Most of us that have flown on an airplane have heard the familiar safety presentation given at the beginning of flights. It goes something like this: “In the event of an emergency, oxygen masks will drop down from the overhead compartment. Put on your own oxygen mask first, and then help those around you.” It’s natural, especially in an emergency, to think of assisting the person next to you first, especially if that person is a loved one. The reality, though, is you will be of no good to anyone else if you run out of oxygen and can’t breathe!
It’s a great metaphor for life. Many of us, especially women, are programmed to think we should be able to “do it all.” That includes taking care of a partner, perhaps children, managing household duties, finances, and increasingly, extended family, such as aging parents. Taking care of ourselves often doesn’t even make it on to the daily “to-do” list. Yet, nothing is more important, not just for ourselves, but for those around us. If we are over-extended, sleep-deprived, struggling with eating well, and finding little or no time to exercise, we are likely to end up feeling run down, chronically sick, or burned out. At that point, we are no good to anyone, not even ourselves!
What’s the answer? I believe part of it lies in our lifestyle choices. I also believe a shift in thinking may be in order. Often, we feel that if we are taking care of ourselves, we are being selfish, or self-indulgent. Actually, the opposite is true. When we make our health and well-being a priority we are, in the long run, benefitting everyone around us. Our personal wellness means we are better able to serve our families, our workplaces, and our communities. The bottom line is this: Being healthy, strong and fit means we are better able to contribute to everyone and everything around us. As health care costs continue to rise in the U.S., even health care companies have started to catch on and are creating wellness programs to encourage subscribers to implement personal wellness programs. Some companies are employing health and wellness coaches as part of their team. The coaches are available to assist individuals in creating a personal wellness plan. Paying attention to wellness and disease prevention is gaining momentum as these companies realize the benefit to their bottom lines.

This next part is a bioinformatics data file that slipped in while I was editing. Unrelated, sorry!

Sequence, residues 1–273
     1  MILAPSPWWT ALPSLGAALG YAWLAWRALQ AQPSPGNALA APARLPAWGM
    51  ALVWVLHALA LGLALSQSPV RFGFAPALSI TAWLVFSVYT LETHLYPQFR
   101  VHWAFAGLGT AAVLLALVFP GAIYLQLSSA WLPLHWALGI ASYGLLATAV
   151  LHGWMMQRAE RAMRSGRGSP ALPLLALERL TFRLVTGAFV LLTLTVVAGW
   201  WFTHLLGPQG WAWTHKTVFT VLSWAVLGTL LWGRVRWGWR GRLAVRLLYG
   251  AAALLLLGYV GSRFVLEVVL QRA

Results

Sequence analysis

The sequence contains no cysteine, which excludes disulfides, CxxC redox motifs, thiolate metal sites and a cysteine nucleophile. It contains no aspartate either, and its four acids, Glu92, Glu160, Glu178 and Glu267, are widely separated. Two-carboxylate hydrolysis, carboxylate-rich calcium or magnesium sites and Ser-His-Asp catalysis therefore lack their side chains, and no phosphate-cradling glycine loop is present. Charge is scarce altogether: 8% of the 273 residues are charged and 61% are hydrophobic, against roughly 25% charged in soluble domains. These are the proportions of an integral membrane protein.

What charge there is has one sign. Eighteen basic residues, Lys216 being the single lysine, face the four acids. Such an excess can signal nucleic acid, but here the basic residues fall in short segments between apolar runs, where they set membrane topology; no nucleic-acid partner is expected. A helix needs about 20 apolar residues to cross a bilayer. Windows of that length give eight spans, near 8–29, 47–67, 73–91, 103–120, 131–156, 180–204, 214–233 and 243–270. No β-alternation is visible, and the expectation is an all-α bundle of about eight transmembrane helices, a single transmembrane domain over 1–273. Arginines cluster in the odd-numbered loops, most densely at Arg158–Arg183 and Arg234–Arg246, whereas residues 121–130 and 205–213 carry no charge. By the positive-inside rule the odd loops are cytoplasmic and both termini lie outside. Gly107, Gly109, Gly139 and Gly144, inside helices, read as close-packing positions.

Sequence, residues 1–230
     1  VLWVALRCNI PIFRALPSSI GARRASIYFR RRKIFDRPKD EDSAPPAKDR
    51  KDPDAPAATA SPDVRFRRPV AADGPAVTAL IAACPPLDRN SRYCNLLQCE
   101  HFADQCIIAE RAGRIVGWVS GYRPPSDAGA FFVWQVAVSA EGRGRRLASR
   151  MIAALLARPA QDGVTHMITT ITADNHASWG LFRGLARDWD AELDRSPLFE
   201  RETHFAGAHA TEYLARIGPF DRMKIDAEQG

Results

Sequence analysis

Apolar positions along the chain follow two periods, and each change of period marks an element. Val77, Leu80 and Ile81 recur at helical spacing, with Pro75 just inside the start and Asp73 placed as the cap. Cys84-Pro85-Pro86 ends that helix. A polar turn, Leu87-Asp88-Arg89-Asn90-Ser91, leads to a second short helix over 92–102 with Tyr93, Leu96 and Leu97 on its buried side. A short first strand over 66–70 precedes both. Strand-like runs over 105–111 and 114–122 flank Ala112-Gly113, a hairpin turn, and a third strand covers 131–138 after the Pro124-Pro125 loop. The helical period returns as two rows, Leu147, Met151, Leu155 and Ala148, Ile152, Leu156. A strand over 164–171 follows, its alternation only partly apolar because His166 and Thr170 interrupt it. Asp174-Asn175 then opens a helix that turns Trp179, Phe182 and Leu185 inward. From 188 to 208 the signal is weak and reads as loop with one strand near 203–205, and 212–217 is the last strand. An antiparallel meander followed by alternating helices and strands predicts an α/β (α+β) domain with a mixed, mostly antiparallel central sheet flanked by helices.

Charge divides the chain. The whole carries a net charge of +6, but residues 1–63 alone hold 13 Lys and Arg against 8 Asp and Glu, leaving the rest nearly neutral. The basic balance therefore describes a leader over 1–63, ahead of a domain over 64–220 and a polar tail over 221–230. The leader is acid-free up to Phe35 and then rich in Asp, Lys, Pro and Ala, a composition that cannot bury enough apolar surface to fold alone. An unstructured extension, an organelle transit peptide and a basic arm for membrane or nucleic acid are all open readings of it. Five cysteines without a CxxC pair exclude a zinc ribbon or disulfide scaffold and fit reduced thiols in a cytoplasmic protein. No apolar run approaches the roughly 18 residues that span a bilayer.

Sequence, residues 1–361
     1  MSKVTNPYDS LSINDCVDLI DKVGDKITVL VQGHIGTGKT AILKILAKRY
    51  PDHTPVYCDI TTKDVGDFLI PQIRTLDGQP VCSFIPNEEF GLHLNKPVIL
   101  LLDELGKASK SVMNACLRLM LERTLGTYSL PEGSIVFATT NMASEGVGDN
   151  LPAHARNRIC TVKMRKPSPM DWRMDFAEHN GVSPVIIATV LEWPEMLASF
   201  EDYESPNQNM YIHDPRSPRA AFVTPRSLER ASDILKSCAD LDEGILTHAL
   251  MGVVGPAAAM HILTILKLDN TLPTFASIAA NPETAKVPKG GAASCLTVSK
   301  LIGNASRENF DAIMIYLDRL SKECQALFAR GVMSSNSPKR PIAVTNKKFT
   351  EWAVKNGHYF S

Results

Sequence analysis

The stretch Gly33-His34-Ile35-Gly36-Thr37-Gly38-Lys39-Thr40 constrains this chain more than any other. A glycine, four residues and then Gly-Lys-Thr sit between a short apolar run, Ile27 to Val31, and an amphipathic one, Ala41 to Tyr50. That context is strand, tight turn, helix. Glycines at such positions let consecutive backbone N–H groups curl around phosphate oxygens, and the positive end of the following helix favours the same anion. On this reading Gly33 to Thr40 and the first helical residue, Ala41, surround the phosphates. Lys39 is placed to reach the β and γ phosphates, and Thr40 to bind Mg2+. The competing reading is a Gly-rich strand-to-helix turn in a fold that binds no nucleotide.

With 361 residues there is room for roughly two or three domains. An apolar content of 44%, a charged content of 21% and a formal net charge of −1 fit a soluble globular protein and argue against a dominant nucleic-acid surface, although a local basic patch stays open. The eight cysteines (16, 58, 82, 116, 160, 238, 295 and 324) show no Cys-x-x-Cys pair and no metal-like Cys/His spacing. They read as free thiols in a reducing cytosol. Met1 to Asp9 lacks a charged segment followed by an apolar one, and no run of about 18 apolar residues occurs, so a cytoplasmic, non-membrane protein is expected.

Taking care of yourself, far from being selfish, may be the most important thing you do. It’s fundamental. A bonus is that when we role-model healthy behavior for those around us, especially our children, we make a positive impact on them as well. We are encouraging and supporting them to do the same. Next time you are tempted to skip your morning walk, or go for the fast food because it’s well, fast, remember this: Taking good care of you is your gift to those you love, for years to come.